clocks


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clock 1

 (klŏk)
n.
1. An instrument other than a watch for measuring or indicating time, especially a mechanical or electronic device having a numbered dial and moving hands or a digital display.
2. A time clock.
3. A source of regularly occurring pulses used to measure the passage of time, as in a computer.
4. Any of various devices that indicate measurement, such as a speedometer or a taximeter.
5. A biological clock.
6. The downy flower head of a dandelion that has gone to seed.
v. clocked, clock·ing, clocks
v.tr.
1. To time, as with a stopwatch: clock a runner.
2. To register or record with a mechanical device: clocked the winds at 60 miles per hour.
3. Informal To strike or hit (someone) forcefully, especially in the face.
v.intr.
1. To record working hours with a time clock: clocks in at 8:00 and out at 4:00.
2. To be measured or registered, especially at a certain speed or rate. Often used with in: a fastball that clocks in at 95 miles per hour.
Phrasal Verb:
clock up Chiefly British Slang
To accumulate; rack up: clocked up a number of wins.
Idioms:
around/round the clock
Throughout the entire 24 hours of the day; continuously.
clean (someone's) clock Slang
To beat or defeat decisively: "Immense linemen declared their intentions to clean the clocks of opposing players" (Russell Baker).
kill/run down/run out the clock
Sports To preserve a lead by maintaining possession of the ball or puck until playing time expires.

[Middle English clokke, from Old North French cloque, bell, or from Middle Dutch clocke, bell, clock, both from Medieval Latin clocca, of imitative origin.]

clock′er n.

clock 2

 (klŏk)
n.
An embroidered or woven decoration on the side of a stocking or sock.

[Perhaps from clock, bell (obsolete), from its original bell-shaped appearance.]
ThesaurusAntonymsRelated WordsSynonymsLegend:
Noun1.clocks - European weed naturalized in southwestern United States and Mexico having reddish decumbent stems with small fernlike leaves and small deep reddish-lavender flowers followed by slender fruits that stick straight upclocks - European weed naturalized in southwestern United States and Mexico having reddish decumbent stems with small fernlike leaves and small deep reddish-lavender flowers followed by slender fruits that stick straight up; often grown for forage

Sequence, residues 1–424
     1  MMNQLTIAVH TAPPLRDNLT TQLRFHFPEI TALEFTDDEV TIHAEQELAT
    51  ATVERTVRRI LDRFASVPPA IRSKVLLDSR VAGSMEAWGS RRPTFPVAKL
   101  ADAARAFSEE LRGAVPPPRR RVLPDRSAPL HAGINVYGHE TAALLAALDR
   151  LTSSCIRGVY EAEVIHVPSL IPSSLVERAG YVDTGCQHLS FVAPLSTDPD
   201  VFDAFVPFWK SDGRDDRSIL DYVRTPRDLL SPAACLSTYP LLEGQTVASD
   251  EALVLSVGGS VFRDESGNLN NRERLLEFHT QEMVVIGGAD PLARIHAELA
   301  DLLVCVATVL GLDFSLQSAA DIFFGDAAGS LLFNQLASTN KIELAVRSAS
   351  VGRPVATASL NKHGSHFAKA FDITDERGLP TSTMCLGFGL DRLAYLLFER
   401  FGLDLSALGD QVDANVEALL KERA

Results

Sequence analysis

heron's bill, storksbill - any of various plants of the genus Erodium
Translations
References in classic literature ?
I'll give her the ten minutes and then I'm off," he muttered, and then aloud to the Prince: "I'll join you in confounding all clocks, my friend, and throw in women, too.
And, indeed the case was just the same with all the other clocks and watches in the borough.
The fact was, Hetty had really forgotten the difference of the clocks when she told Captain Donnithorne that she set out at eight, and this, with her lingering pace, had made her nearly half an hour later than usual.
And others are there who are like eight-day clocks when wound up; they tick, and want people to call ticking--virtue.
It was in this apartment, also, that there stood against the western wall, a gigantic clock of ebony.
Dorothy had already taken the clock key from the peg.
If I took up my position "under the shadow of Saint Paul's," say, at ten that night, I should arrive at the place of meeting with two hours to spare, before the last stroke of the clock marked the beginning of the new month.
Some years ago the clock in the tower of the mosque got out of order.
The first sound that told of life and movement revealed the mechanical movement of the clock.
If he withdrew them for a moment, it was only to glance at a clock in some neighbouring shop, and then to strain his sight once more in the old quarter with increased earnestness and attention.
and the strokes of the clock, the strokes I can't count, keep striking in my head
I entered an empty lecture-room one day just before the clock struck.